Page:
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Ethical issues in
maternal–fetal medicine
This book brings together an unusually broad range of experts from reproduc-
tive medicine, medical ethics and law to address the important ethical prob-
lems in maternal–fetal medicine which impact directly on clinical practice. The
book is divided into parts by the stages of pregnancy, within which the authors
cover four main areas:

the balance of power in the doctor–patient relationship and the justiWable
limits of paternalism and autonomy;

the impact of new technologies and new diseases;

disability and enhancement (the ‘designer baby’); and

diVerence – to what extent the clinician should respect the tenets of other
faiths in a multicultural society, even when the doctor believes requested
interventions or non-interventions to be morally wrong. The aim through-

out is to unite analytic philosophy and actual practice.
This is an important text not only for clinicians involved in human repro-
duction but also for philosophers and lawyers.
Donna Dickenson
is the John Ferguson Professor of Global Ethics at the
University of Birmingham. She is co-author of The Cambridge Workbook in
Medical Ethics, and author of Property, Women and Politics.
Ethical issues in
maternal–fetal medicine
Edited by
Donna L. Dickenson
John Ferguson Professor of Global Ethics, University of Birmingham, UK
  
Cambridge, New York, Melbourne, Madrid, Cape Town, Singapore, São Paulo
Cambridge University Press
The Edinburgh Building, Cambridge  , United Kingdom
First published in print format
ISBN-13 978-0-521-66266-6 hardback
ISBN-13 978-0-521-66474-5 paperback
ISBN-13 978-0-511-06653-5 eBook (NetLibrary)
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editors and publisher therefore disclaim all liability for direct or consequential
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without the written permission of Cambridge University Press.
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Published in the United States by Cambridge University Press, New York
List of contributors viii
Acknowledgements xi
1 Introduction: recent debates in maternal–fetal medicine –
what are the ethical questions? 1
Donna L. Dickenson
2 Overview: a framework for reproductive ethics 17
Carson Strong
3 Multicultural issues in maternal–fetal medicine 39
Sirkku Kristiina Hellsten
4 HIV in pregnancy: ethical issues in screening and
therapeutic research 61
Paquita de Zulueta
5 Genetic screening: should parents seek to perfect their
children genetically? 87
Rosemarie Tong
6 Is there a duty not to reproduce? 101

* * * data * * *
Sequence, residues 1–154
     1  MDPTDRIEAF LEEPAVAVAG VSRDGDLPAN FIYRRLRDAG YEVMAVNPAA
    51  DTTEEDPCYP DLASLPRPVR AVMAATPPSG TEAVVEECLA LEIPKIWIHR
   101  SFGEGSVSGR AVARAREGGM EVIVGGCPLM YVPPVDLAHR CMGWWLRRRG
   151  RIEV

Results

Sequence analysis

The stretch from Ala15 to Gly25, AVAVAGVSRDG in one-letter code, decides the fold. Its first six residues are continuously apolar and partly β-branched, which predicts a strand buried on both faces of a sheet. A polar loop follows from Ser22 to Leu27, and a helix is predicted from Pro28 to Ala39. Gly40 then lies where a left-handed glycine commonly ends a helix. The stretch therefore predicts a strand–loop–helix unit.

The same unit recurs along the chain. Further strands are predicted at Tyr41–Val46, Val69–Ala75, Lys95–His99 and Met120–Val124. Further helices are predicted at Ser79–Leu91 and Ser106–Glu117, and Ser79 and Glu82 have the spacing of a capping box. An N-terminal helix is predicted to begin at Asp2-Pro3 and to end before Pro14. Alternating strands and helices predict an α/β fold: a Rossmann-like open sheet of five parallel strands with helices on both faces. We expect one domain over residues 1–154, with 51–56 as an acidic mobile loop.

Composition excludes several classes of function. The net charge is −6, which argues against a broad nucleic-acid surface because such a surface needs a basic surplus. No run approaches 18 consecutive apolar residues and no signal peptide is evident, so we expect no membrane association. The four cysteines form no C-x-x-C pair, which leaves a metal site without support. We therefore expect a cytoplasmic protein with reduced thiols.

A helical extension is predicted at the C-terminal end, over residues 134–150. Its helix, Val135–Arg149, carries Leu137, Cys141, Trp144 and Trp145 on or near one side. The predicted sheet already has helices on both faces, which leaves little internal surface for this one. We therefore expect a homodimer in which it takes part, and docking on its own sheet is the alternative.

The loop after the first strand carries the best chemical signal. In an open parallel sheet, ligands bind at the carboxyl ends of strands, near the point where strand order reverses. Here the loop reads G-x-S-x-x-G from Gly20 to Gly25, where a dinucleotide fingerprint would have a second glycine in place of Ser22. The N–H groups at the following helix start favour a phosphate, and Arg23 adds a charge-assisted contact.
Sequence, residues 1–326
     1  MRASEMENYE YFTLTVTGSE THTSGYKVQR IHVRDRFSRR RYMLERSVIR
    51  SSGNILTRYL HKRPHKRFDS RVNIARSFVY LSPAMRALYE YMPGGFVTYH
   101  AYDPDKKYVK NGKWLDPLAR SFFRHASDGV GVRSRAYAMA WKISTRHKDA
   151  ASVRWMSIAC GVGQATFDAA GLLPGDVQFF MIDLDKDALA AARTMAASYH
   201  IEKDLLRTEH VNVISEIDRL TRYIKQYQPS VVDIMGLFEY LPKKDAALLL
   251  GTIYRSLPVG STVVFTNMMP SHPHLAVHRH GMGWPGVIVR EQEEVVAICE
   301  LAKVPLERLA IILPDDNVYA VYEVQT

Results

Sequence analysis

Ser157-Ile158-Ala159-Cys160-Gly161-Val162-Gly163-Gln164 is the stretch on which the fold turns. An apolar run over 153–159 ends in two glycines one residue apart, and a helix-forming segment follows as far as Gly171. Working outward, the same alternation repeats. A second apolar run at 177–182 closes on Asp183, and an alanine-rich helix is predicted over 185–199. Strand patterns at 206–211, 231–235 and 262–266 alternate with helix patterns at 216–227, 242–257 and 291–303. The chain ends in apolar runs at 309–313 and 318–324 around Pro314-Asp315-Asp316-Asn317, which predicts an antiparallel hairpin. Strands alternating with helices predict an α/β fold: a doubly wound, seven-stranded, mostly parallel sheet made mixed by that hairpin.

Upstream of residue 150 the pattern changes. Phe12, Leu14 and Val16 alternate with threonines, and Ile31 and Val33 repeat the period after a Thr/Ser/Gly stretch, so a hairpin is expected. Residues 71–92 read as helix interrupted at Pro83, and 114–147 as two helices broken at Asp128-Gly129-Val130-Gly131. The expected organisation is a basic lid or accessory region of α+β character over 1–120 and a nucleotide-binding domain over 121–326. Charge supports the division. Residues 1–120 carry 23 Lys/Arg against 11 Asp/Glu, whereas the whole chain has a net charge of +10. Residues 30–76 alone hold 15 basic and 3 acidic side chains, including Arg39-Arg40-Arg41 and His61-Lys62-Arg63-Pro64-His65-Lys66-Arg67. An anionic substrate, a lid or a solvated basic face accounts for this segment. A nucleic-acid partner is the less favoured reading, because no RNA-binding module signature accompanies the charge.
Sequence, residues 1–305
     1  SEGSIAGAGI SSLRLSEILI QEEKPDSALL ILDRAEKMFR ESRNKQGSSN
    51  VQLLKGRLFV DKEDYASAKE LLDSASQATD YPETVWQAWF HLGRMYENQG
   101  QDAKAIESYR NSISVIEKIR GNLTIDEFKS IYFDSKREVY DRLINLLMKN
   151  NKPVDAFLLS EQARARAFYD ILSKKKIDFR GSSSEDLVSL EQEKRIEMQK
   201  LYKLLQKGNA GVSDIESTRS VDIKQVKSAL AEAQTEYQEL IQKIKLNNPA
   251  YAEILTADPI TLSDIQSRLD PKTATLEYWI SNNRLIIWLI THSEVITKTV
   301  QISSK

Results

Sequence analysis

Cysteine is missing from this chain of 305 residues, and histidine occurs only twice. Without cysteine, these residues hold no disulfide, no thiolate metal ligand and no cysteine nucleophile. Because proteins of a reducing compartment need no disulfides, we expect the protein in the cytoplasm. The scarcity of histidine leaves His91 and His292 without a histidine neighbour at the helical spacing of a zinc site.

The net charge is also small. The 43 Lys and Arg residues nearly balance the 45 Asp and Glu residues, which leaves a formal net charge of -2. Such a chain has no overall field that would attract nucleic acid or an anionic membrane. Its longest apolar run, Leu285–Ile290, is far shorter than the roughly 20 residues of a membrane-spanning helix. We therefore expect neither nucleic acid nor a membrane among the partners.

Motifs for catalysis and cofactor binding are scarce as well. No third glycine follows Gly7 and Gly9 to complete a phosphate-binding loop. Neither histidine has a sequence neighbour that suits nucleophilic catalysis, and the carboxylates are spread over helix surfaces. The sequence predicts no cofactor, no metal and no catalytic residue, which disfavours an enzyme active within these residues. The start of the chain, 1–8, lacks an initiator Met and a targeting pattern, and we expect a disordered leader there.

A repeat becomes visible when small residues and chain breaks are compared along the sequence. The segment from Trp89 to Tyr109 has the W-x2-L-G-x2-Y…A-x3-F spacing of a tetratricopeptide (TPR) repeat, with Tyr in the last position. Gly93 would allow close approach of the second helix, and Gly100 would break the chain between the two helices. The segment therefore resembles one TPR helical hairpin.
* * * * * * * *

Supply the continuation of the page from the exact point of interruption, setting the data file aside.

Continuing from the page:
Jean McHale
7 Between fathers and fetuses: the social construction of
male reproduction and the politics of fetal harm 113
Cynthia R. Daniels
8 Restricting the freedom of pregnant women 131
Susan Bewley
9 Ethical issues in embryo interventions and cloning 149
Franc¸oise ShenWeld
10 A case-study in IVF: paternalism and autonomy in a
‘high-risk’ pregnancy 161
Gillian M. Lockwood
11 The ethics of secrecy in donor insemination 167
Heather Widdows
12 Ethical and social aspects of evaluating fetal screening 183
Elina Hemminki
13 Prenatal counselling and images of disability 195
Priscilla Alderson
14 Models of motherhood in the abortion debate:
self-sacrifice versus self-defence 213
Eileen McDonagh
15 Who owns embryonic and fetal tissue? 233
Donna L. Dickenson
16 The fewer the better? Ethical issues in multiple gestation 247
Mary B. Mahowald
17 Caesarean section: who chooses – the woman or
her doctor? 263
Wendy Savage
18 Judgements of non-compliance in pregnancy 285
Franc¸oise Baylis and Susan Sherwin
vi Contents
19 Do new reproductive technologies benefit or harm
children? 305
Christine Overall
20 Are there lives not worth living? When is it morally wrong
to reproduce? 321
Rebecca Bennett and John Harris
21 Ethical issues in withdrawing life-sustaining treatment
from handicapped neonates 335
Neil McIntosh
Index 347
Priscilla Alderson
Social Science Research Unit
Institute of Education
18 Woburn Square
London WC1H 0HS
Rebecca Bennett
Centre for Social Ethics and Policy
Humanities Building
University of Manchester
Oxford Road
Manchester M13 9PL
Franc¸oise Baylis
Department of Philosophy
Dalhousie University
Nova Scotia
Susan Bewley
Lead Clinician in Maternal–Fetal
St Thomas’s Hospital
Lambeth Palace Road
London SE1 7EH
Cynthia R. Daniels
Political Science Department
Rutgers University
Hickman Hall
89 George St
New Brunswick
NJ 0891
Donna L. Dickenson
Centre for the Study of Global Ethics
University of Birmingham
13 Pritchatts Road
Birmingham B15 2TT
John Harris
Centre for Social Ethics and Policy
Humanities Building
University of Manchester
Oxford Road
Manchester M13 9PL
Sirkku Kristiina Hellsten
Department of Political Science/
Philosophy Unit
PO Box 35042
University of Dar es Salaam
Elina Hemminki
Kiskontie 31
Helsinki 00280
Gillian M. Lockwood
Medical Director
Midland Fertility Services
3rd Floor
Centre House
Court Parade
Aldridge WS9 8RT
Mary B. Mahowald